States sue U.S. to void state and local tax deduction cap

NEW YORK – On Tuesday, Four U.S. states sued the federal government for being void of the new $10,000 cap on federal deductions for state and local taxes included in President Donald Trump’s 2017 tax overhaul. Critics have said the cap would disproportionately harm “blue” states that tilt Democratic.

According to the Tax Foundation, the four states, and California, which all favored Democrat Hillary Clinton in the 2016 presidential election, may be particularly hard hit, based on SALT deductions as a percentage of adjusted gross income. The lawsuit by New York, Connecticut, Maryland and New Jersey came seven months after Trump signed the $1.5 trillion overhaul passed by the Republican-led Congress, which cut taxes for wealthy Americans and slashed the corporate tax rate.

Taxpayers have long typically enjoyed unlimited federal deductions for state and local taxes, known as SALT deductions. Tuesday’s lawsuit adds to the many legal battles between such states, including several with high taxes, and the Trump administration, which was accused of unconstitutionally intruding on state sovereignty by imposing the cap.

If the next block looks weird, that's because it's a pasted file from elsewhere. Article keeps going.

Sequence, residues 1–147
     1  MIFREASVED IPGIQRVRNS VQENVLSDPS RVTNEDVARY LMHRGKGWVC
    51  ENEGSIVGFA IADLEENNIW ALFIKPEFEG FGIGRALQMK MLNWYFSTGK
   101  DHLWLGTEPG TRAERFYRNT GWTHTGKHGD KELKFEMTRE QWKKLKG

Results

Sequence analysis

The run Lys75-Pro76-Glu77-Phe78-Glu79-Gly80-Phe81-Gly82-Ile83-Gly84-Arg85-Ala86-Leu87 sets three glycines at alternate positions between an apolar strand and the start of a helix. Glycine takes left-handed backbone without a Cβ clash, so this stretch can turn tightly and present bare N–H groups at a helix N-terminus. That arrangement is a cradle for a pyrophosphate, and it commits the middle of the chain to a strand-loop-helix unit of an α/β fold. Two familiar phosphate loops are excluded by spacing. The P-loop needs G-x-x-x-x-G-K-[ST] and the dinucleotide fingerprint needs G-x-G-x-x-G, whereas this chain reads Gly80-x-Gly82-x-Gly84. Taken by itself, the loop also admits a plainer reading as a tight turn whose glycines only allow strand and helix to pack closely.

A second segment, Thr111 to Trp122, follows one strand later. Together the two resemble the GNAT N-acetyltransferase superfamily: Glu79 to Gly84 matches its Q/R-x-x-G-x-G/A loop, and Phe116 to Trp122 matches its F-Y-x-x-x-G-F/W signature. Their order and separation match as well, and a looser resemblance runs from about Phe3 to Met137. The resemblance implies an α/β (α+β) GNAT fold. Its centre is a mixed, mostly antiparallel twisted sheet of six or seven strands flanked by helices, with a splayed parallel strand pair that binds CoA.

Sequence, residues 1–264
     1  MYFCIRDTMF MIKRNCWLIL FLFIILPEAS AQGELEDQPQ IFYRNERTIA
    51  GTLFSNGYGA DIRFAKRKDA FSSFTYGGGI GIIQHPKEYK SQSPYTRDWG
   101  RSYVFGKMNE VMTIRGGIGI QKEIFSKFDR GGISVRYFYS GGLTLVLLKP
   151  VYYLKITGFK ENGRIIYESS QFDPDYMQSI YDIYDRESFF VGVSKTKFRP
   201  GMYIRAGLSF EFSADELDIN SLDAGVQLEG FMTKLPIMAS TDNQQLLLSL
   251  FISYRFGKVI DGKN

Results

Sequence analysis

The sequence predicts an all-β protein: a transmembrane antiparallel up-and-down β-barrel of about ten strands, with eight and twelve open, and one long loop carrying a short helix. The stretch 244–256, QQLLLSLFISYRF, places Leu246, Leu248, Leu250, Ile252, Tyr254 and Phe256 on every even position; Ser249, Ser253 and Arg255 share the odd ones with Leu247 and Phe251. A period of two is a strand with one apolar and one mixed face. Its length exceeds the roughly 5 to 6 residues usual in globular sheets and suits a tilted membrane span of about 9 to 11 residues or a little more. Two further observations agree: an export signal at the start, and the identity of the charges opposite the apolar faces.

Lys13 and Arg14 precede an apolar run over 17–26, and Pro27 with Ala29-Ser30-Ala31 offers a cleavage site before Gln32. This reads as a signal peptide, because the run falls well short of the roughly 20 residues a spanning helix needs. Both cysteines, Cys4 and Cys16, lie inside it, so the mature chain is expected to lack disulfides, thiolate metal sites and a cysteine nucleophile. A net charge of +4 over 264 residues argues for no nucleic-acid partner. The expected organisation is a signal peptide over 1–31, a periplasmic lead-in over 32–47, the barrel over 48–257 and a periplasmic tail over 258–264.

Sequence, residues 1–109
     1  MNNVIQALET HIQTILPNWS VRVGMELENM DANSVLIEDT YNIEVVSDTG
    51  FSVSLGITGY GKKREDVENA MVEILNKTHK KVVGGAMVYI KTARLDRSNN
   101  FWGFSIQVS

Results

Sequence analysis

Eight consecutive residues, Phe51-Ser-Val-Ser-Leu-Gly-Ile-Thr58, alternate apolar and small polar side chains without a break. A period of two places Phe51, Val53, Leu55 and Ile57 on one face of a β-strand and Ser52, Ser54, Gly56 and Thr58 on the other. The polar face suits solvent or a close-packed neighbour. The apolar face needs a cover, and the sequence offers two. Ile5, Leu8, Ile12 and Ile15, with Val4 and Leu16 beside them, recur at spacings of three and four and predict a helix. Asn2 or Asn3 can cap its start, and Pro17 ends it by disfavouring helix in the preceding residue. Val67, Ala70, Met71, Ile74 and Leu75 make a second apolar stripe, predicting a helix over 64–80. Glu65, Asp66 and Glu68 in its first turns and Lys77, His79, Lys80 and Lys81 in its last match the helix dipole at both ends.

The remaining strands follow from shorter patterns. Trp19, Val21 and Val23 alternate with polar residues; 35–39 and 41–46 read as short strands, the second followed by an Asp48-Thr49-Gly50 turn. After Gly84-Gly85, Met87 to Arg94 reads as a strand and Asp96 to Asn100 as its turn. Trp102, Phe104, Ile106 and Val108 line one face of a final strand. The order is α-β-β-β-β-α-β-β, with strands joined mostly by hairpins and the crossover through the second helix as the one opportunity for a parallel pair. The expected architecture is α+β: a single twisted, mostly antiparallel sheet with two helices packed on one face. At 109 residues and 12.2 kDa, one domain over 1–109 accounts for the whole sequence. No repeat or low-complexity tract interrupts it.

A spokeswoman for the Department of the Treasury said that agency was reviewing the complaint. The department, Treasury Secretary Steven Mnuchin and the Internal Revenue Service are among the defendants. “The federal government is hell-bent on using New York as a piggy bank to pay for corporate tax cuts and I will not stand for it,” said Andrew Cuomo, New York’s Democratic governor.

The four states said, “the cap will depress home prices, spending, job creation and economic growth, and impede their ability to pay for essential services such as schools, hospitals, police, and road and bridge construction and maintenance. Under the cap, individuals and married taxpayers filing jointly who itemize deductions may deduct only up to $10,000 annually for state and local income, property and sales taxes”.

by Sawan Kumar on July 19, 2018

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